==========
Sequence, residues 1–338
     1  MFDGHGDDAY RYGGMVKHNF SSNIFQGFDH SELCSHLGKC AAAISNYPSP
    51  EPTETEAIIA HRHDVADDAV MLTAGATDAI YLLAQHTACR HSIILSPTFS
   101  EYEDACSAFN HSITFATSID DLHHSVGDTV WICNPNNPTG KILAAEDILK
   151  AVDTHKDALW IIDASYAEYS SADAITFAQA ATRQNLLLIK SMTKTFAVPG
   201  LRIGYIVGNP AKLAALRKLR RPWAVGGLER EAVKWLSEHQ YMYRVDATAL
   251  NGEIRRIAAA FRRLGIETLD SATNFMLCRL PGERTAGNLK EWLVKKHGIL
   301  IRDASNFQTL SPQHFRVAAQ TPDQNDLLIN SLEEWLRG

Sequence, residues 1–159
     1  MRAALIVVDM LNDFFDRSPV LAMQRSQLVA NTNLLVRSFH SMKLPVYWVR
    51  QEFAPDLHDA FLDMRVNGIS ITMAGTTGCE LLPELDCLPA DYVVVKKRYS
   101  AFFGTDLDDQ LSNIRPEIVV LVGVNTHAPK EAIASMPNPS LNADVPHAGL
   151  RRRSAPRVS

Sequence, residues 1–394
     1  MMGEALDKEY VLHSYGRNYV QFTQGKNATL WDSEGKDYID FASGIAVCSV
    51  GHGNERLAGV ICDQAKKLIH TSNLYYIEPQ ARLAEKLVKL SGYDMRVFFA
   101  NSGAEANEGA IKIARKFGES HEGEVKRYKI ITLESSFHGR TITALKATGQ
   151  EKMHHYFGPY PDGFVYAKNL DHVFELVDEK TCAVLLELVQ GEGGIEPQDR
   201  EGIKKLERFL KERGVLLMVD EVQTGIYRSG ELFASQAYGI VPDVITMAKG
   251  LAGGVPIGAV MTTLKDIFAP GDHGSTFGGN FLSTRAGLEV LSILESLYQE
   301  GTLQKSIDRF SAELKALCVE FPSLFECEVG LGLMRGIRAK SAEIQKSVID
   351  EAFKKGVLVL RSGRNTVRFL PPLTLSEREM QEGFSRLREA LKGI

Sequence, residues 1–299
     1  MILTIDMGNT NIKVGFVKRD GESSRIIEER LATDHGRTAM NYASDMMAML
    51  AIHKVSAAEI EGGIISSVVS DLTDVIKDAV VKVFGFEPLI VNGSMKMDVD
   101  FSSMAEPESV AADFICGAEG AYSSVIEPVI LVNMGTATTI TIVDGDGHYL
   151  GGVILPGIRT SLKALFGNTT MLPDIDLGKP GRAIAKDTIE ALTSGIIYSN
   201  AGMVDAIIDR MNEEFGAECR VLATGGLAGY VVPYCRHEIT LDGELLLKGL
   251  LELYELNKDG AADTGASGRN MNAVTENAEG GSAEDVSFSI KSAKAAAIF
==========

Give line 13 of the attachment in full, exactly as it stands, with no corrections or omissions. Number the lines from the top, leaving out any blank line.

   151  RRRSAPRVS